There's still time to listen to my appearance on Marvin Rosen's program Classical Discoveries Goes Avant-Garde. The mp3 files will remain on Marvin's website until August 12.
Response to our all-Carter program has been limited, but uniformly positive. Some of my friends didn't care for the music, but they thought I did pretty well, which was a relief. I felt I stammered and repeated myself, and I had these visions of listeners sitting in their cars thinking, "Who is this goofball?"
Marvin said it had been a "great show," and, more inportant, so did his wife, Beata, who, I am told, is his most outspoken critic, one who would never say anything just to be nice. I want to her, too, for driving me from the Rosen house to the studio and back. Without her, I mostly likely would have been at least a half hour late to the show. I left my house in plenty of time, but, driving up Route 1, I missed my turn off and ended up a couple of townships away. Finally, when the trip odometer hit 40 miles — after Google Maps had assured me the journey from my home to the Rosens' was only 33 — I decided the time had come to turn around.
I walked into the studio with about eight minutes to spare. I was feeling frazzled and very foolish, but Marvin assured me we had plenty of time, and he was right. He loaded the first CD, and there was nothing left to do but sit and chat and load up on bottled water.
The WPRB studio is a seedy, poorly ventilated, trapezoidal room in the basement of Princeton's Bloomberg Hall. The window in front of the board looks out onto an empty elevator well and, beyond, a meandering white corridor. (During On Conversing With Paradise, I went out to use the men's room and followed the corridor to its dead end before going back. I'd missed the turn, as I had on Route 1. A pattern was developing.)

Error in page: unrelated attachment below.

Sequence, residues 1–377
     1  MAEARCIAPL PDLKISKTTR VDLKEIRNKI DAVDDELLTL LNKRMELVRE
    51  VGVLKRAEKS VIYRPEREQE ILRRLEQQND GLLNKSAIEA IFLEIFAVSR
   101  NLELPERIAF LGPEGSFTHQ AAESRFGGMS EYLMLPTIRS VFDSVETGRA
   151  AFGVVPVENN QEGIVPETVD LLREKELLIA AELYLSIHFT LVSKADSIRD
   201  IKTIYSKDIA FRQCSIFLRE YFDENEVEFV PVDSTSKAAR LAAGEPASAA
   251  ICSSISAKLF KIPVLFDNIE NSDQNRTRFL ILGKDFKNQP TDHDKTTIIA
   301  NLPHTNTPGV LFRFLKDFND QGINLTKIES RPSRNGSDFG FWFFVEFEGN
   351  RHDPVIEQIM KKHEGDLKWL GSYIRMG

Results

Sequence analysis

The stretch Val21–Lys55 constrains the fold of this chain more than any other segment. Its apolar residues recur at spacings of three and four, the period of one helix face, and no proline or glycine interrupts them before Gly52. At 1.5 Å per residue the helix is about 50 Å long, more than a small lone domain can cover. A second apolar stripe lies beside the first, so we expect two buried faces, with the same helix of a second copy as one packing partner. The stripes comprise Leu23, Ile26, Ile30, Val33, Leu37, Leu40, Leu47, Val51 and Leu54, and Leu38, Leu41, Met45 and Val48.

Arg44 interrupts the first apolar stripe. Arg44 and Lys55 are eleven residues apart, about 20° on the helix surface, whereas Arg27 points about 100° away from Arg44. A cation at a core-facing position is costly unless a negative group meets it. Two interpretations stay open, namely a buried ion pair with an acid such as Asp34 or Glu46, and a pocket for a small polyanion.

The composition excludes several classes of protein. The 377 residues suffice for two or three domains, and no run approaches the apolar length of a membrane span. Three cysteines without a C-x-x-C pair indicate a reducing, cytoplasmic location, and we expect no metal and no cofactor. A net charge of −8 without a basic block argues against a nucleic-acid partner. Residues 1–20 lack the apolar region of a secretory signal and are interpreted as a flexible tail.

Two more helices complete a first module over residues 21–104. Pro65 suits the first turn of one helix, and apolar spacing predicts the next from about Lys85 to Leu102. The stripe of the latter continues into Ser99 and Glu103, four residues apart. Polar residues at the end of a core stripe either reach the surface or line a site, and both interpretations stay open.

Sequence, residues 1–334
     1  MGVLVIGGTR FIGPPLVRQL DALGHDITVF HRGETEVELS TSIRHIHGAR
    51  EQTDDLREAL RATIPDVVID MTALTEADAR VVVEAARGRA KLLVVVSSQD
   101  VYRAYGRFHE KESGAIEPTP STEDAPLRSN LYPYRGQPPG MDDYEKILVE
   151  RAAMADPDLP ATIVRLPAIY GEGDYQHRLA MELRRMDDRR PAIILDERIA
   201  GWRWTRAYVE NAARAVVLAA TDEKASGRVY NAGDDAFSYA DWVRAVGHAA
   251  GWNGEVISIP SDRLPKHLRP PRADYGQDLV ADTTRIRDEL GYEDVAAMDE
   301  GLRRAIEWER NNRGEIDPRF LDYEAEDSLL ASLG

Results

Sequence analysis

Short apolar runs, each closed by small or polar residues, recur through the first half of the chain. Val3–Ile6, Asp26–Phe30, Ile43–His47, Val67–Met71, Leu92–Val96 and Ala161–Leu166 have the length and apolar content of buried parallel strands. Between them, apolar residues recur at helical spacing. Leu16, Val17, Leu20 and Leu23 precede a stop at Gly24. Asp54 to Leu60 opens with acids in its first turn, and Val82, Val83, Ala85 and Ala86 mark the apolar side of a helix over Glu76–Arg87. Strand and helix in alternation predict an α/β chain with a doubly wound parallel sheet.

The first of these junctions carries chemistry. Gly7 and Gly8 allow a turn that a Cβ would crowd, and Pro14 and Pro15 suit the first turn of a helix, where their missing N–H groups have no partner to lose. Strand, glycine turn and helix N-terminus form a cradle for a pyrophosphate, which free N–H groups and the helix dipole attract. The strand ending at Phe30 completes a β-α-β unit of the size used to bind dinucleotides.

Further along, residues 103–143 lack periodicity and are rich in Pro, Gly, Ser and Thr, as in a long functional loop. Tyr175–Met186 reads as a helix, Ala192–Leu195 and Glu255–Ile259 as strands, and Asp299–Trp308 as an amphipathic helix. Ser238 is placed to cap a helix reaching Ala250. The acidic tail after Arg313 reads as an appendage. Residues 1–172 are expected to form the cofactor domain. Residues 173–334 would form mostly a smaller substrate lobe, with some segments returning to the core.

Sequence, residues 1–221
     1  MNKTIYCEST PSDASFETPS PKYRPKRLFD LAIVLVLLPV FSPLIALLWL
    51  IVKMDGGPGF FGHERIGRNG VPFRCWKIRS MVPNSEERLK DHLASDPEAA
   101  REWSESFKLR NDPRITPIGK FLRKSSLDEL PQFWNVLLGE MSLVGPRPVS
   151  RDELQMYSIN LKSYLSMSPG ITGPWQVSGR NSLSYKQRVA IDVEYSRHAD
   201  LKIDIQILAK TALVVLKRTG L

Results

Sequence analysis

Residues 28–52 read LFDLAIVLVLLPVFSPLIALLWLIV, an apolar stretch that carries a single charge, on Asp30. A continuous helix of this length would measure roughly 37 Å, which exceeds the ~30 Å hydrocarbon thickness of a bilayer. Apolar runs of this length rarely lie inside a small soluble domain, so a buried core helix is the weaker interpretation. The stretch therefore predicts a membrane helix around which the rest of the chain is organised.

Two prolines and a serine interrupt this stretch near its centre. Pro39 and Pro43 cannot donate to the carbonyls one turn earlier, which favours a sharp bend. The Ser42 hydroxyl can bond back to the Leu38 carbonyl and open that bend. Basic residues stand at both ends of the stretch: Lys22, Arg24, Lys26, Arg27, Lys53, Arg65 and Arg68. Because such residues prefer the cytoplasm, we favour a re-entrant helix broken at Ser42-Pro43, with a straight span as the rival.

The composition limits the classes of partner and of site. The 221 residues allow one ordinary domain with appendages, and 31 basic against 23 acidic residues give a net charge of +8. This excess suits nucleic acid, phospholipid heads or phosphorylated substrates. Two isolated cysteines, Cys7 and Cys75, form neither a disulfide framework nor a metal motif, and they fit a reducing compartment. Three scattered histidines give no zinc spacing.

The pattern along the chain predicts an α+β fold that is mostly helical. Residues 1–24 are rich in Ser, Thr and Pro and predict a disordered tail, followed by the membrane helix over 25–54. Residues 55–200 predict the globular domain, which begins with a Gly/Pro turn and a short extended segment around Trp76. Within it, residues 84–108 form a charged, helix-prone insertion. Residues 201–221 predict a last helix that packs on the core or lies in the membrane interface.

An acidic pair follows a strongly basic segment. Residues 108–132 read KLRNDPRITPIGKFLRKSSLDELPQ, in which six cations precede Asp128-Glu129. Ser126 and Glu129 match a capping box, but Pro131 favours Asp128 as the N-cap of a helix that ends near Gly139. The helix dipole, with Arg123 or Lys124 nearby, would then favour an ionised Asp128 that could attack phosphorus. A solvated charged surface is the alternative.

The board was compact, with a pair of turntables on one side and a stack of CD players on the other. There were two foam-shrouded microphones, mounted on swivel booms. I sat at the one on the right as we faced out the studio window. Marvin told me to speak up and keep my lips close to the mike. I actually didn't hear much of the music I had brought. Marvin and I spent much of the time going over what we would talk about during our next segment. He had a list of questions prepared, and he told me in advance what he was going to ask so there would be no unpleasant surprises. Near the end of the show, he said he wanted to ask what Carter was working on these days, and when I told him I didn't know, he said he would skip it. This was not gotcha journalism. He wanted me to be at ease.
The time on-air went by quickly — so quickly, indeed, that we didn't have time for all of the music I had wanted to play. I had hoped to finish up with Carter's Sonata for Flute, Oboe, Cello and Harpsichord, but by the time the Concerto for Orchestra was finished, we had only about eight or so minutes left. Fortunately, I had brought a couple of alternates. Marvin asked me a few parting questions, and we played the "Bariolage," a six-minute piece for solo harp, which took us right up to the end of the show.
The DJ with the time slot after Marvin's cut it even closer that I had. He arrived a minute or so late, while the station ID was still playing. For a while, Marvin thought he was going to have to stay on the air.
Marvin, Beata and I had a post-mortem lunch at a family-owned Mexican restaurant in Princeton. Then Marvin went to work at Westminster Choir College, and Beata gave me a tour of their house and garden. I thought I was a compulsive collector, but Marvin owns more than 15,000 CDs. They are everywhere, except for two small rooms — the kitchen and an upstairs office — where Beata forbids them. In the living, they are actually a theme of the interior decor, covering an entire wall. The place smelled pleasantly of fresh-cut wood, a symptom of the endless rows of IKEA shelves.
I haven't listened to the broadcas, by the way. If I want to hear it again, I can just replay the CDs on my home stereo and avoid all the commentary.